Russia to sell Brazil anti-aircraft system
Putin and Rousseff reach deals on infrastructure, education, health, tech and culture
Russian President Vladimir Putin met with Brazil’s Dilma Rousseff on Sunday at the Maracanã stadium in Rio de Janeiro, where the Brazilian leader handed the World Cup to the German team and passed the baton over to Russia, which will host the sports event in 2018.
But their next meeting was held in rather different circumstances. On Monday, Putin and Rousseff shut themselves away for two hours to discuss bilateral relations, and the result was a series of agreements on infrastructure, health, technology, air and space, education and culture, according to the Brazilian executive’s press release.
Yet the most salient aspect of the deal involves defense. Russia and Brazil, which are both part of the BRICS bloc (which also includes China, India and South Africa), have been haggling for years over the sale of a Russian anti-aircraft defense system for Brazil’s armed forces. The document that was signed on Monday establishes that Brazilian representatives will participate in maneuvers to demonstrate the effectiveness of the defense system next month. The deal stipulates that the sale could be completed “in the short term,” without any further details.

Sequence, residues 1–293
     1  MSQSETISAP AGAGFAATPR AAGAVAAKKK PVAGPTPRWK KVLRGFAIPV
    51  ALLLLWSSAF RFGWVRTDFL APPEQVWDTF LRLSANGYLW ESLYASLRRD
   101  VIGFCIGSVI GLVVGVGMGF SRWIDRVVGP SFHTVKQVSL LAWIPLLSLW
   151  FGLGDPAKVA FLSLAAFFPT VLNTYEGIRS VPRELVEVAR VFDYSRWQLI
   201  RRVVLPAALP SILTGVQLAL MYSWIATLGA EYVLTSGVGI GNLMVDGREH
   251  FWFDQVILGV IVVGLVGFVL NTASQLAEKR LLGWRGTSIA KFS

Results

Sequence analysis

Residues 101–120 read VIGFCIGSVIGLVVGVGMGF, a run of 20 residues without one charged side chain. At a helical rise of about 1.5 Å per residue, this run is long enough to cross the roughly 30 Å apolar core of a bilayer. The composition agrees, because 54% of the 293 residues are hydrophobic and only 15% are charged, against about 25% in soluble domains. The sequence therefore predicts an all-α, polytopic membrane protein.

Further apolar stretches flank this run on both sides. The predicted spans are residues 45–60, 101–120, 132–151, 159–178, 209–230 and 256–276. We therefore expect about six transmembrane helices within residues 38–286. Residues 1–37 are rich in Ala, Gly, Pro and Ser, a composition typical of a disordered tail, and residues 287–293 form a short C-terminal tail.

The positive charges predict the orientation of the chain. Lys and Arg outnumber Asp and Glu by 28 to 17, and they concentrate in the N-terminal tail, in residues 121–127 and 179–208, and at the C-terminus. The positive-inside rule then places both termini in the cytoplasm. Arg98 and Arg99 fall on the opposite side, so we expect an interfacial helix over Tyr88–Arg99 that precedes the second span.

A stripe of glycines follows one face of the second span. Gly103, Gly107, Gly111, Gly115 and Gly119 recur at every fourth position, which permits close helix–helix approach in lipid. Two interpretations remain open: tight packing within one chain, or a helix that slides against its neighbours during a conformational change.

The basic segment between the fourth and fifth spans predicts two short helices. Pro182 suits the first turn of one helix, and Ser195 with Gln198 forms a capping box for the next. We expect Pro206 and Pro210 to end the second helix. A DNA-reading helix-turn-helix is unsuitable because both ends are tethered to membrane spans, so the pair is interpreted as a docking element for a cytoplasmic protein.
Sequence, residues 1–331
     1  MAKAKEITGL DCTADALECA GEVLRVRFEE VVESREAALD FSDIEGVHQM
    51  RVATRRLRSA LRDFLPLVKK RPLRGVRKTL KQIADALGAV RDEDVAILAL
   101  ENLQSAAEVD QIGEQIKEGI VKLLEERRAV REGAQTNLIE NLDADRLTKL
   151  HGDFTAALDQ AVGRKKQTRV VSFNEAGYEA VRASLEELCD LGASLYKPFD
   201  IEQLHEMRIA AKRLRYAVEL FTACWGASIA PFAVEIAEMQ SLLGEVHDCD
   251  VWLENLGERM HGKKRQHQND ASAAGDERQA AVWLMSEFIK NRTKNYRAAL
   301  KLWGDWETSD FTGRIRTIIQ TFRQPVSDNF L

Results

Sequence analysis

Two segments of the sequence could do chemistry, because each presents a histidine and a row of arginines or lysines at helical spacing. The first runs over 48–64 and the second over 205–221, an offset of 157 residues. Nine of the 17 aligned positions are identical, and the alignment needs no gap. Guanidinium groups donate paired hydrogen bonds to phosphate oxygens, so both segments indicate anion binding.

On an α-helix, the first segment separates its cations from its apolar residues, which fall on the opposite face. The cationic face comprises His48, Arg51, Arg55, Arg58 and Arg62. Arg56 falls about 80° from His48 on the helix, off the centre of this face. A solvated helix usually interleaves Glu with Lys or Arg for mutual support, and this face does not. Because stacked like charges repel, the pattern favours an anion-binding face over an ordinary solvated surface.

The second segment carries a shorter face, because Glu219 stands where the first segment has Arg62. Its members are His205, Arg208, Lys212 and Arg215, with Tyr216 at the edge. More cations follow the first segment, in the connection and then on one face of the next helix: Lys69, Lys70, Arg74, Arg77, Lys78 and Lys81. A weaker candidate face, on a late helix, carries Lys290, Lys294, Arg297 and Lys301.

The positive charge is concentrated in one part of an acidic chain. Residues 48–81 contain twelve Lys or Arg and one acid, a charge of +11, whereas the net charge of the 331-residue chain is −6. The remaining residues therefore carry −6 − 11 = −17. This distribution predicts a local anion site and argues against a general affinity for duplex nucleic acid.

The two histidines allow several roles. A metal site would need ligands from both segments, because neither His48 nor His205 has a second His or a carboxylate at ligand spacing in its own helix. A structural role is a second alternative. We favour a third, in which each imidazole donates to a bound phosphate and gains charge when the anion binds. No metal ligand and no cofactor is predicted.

Russia and Brazil hope to double their trade volume, which now stands at 5.6 billion dollars
Russia and Brazil hope to double their trade volume, which now stands at $5.6 billion (€4.1 billion). Both Rousseff and Putin have expressed a desire to take this up to $10 billion.
After walking out of the meeting, Rousseff insisted that Russian investors view the Latin American giant as a great opportunity in emerging sectors such as energy. Both nations will cooperate in exploring, exploiting, storing and transporting oil and gas reserves in Brazil.
The Brazilian stop is part of a Latin American tour that has already taken Putin to Cuba, Nicaragua and Argentina to strengthen ties. Putin and Rousseff will also take part in a BRICS summit in Fortaleza, in northeastern Brazil, to try to create an alternative to the International Monetary Fund that will help finance their own infrastructure projects and maintain reserves for any future financial crises.
This is not the best moment for either Putin, who is dealing with the crisis in Ukraine, or for Rousseff, who admits that the economy has slowed down and who faces the possibility of losing the general elections in October.